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Hybrid working – how many days do professionals REALLY want to work in the office?

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Posted: May 2022

Our recently published annual Salary Guide 2022 looked not only at the salaries and bonuses being awarded across the corporate comms sector, but also at company benefits, with a focus on the benefits that professionals really want. In this highly competitive candidate-driven market, it is not uncommon for potential employees to be weighing up multiple offers, and while salary and bonus play an important role in the decision-making process, the benefits package can be the deal-breaker.

Our survey revealed that at the top of the list of benefits that are most important to men and women in both in-house corporate communications team and agencies was hybrid working, beating benefits such as holiday allowances, pension contributions by a quite considerable margin.

Benefits that are most important to men and women: in-house corporate communications teams and agencies

These findings confirm one thing about the future of work – hybrid work arrangements are going to be the norm across the industry, and if they are not already, they need to be! There are good reasons why many companies and employees are excited about this mix of in-person and remote work, and equally good reasons why many feel trepidation about the shift. The fact remains that hybrid working is at the top of every candidate’s list, so employers need to be up to speed when it comes to understanding how many days professionals looking for a new role would consider coming into the office.

What’s the hybrid working situation now

The findings of our survey revealed that comms professionals are enjoying a hybrid model; only 2% of in-house comms professionals are in the office every day, and no agency

employees are going in every day. The most common pattern is 3 days in the office, 2 days remote working – just under a third (32%) of in-house professionals and 42% of agency professionals are following this model.

And what will professionals consider

It’s clear that employees have developed an affinity for hybrid working, and it is now an expectation for the future. 90% of respondents would only consider a role with a new employer with some form of flexibility; the preferred model for both in-house comms and agency professionals is 2 days in the office and 3 days remote working.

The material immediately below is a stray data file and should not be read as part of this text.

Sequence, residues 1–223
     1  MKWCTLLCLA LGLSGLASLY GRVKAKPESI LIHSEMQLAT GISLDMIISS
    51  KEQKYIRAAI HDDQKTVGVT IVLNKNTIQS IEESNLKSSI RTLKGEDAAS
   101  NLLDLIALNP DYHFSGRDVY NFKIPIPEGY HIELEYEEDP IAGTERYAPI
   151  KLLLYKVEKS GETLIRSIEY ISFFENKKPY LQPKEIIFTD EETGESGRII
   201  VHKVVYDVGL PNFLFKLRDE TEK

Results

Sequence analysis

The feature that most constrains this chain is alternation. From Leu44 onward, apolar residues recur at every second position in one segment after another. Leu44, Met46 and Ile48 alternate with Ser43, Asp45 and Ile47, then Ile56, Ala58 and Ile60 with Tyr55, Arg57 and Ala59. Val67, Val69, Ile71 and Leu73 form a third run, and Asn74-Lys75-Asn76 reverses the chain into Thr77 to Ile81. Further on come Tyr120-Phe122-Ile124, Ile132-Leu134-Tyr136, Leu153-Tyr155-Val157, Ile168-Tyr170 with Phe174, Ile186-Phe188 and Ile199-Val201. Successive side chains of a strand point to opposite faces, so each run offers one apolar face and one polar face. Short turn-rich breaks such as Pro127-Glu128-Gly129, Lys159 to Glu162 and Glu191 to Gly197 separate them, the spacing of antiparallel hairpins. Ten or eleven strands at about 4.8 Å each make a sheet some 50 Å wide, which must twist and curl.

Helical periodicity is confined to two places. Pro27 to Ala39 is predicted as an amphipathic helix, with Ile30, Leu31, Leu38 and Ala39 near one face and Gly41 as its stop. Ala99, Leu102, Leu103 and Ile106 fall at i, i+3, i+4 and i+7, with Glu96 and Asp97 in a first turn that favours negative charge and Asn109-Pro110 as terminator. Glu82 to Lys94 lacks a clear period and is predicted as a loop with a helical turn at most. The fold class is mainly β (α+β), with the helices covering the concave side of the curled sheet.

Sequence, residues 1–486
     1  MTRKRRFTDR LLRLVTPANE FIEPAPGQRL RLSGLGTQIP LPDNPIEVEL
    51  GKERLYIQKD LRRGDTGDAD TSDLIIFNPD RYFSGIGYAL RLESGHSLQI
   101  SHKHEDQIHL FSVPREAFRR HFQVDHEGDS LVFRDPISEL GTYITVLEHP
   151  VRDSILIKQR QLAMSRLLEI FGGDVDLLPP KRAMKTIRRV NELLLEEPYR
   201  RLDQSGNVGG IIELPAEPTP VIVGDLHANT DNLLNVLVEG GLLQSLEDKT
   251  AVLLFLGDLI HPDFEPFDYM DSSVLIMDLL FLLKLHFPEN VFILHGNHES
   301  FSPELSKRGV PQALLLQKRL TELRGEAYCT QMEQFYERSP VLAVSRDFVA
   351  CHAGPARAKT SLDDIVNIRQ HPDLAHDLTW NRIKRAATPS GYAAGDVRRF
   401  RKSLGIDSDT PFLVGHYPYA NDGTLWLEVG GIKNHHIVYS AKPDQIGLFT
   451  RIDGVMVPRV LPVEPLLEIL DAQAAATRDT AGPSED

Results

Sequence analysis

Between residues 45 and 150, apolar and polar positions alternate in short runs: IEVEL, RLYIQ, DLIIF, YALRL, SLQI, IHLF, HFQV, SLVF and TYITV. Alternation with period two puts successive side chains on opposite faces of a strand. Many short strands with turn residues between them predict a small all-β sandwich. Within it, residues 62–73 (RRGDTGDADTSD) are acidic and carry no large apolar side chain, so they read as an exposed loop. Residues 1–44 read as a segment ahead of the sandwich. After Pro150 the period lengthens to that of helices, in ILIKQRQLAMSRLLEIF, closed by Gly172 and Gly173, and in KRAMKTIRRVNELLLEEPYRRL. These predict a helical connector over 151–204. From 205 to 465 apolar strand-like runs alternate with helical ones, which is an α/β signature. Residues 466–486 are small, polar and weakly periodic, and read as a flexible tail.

Employers, if you still believe that you can hire someone for a role that requires 5 days in the office, you are highly likely to draw a complete blank.

Challenges facing employers building hybrid working teams

Hybrid working arrangements can be daunting for those about to adopt them and challenging for those who already have. But the good news is that we’re learning quickly where the biggest obstacles lie and how to minimise them in advance and manage them as they come up.

Two types of creativity are endangered by hybrid work. Perhaps the most obvious one is collective creativity – people can brainstorm via Zoom, but programmed times and formats for generating ideas may well not prove as fruitful as the more fluid conversations and unexpected things that can happen when we kick ideas around with others or work intensively on solving a problem together.

Individual creativity can be endangered, too. While quiet time alone can help people generate new ideas and insights, working alone over many days may not prove generative for employees who must be constantly creative or innovative. Some social interactions and spontaneous conversations with colleagues, seeing random objects on each other’s desks, and even the changes of scenery involved in going from home to work are important for creativity.

Culture, like creativity, is another challenge that senior leaders are faced with as they bring everyone back to the office. With existing employees leaving and new ones joining, an increasingly pressing challenge is how to socialise the newcomers and integrate them into the company’s culture, whether they’re entry-level hires or seasoned executives.

Our advice to leaders is simple – go all-in. Be a champion of hybrid work and in-person collaboration. The best experience any company can provide starts by gathering people together, whether that’s two, three or four times a week to collaborate, share and problem solve in person. Setting the days that your team comes into the office ensures you have cohesion.

Consider offering perks that bring your people together. If you offer free lunch, make sure it's in a place and at a time where people can have some sort of interaction. You can also schedule team-building events or happy hours, so more people are incentivised to come into the office on certain days if office hours are flexible.

And always have empathy

The single best thing you can do as a leader is to try to communicate that you understand the mental space that people are in as you establish your hybrid working practices. Before you do anything else, recognise and articulate any tension that exists in a situation, and show that you're open to having discussions with anyone who may have concerns about the transition back to the office. Next, make it clear that you understand why people want the flexibility of being able to work from home, before acknowledging the benefits of coming into work, such as connecting and collaborating with others in real time.



The Works Search: a search consultancy specialising in PR and corporate communications. We have unrivalled matching abilities and known for finding the top 5% performers in the industry - the ones who deliver and make your reputation great. For more advice or market insights, do get in touch with us on 0207 903 9291 or email sarah@the-works.co.uk.

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